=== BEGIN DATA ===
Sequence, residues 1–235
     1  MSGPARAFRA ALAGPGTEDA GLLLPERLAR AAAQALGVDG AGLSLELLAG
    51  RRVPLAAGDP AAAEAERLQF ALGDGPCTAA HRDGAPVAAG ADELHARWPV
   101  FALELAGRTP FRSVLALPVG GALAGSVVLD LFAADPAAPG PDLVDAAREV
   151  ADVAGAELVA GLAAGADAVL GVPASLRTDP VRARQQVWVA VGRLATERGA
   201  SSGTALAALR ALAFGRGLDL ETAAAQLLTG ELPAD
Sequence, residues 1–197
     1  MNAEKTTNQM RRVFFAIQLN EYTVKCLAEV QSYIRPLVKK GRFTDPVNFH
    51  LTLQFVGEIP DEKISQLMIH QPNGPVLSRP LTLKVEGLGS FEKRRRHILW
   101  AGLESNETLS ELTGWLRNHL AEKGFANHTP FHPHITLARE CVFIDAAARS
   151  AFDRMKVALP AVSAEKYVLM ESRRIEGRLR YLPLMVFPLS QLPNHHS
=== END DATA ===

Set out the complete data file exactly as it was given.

Sequence, residues 1–235
     1  MSGPARAFRA ALAGPGTEDA GLLLPERLAR AAAQALGVDG AGLSLELLAG
    51  RRVPLAAGDP AAAEAERLQF ALGDGPCTAA HRDGAPVAAG ADELHARWPV
   101  FALELAGRTP FRSVLALPVG GALAGSVVLD LFAADPAAPG PDLVDAAREV
   151  ADVAGAELVA GLAAGADAVL GVPASLRTDP VRARQQVWVA VGRLATERGA
   201  SSGTALAALR ALAFGRGLDL ETAAAQLLTG ELPAD
Sequence, residues 1–197
     1  MNAEKTTNQM RRVFFAIQLN EYTVKCLAEV QSYIRPLVKK GRFTDPVNFH
    51  LTLQFVGEIP DEKISQLMIH QPNGPVLSRP LTLKVEGLGS FEKRRRHILW
   101  AGLESNETLS ELTGWLRNHL AEKGFANHTP FHPHITLARE CVFIDAAARS
   151  AFDRMKVALP AVSAEKYVLM ESRRIEGRLR YLPLMVFPLS QLPNHHS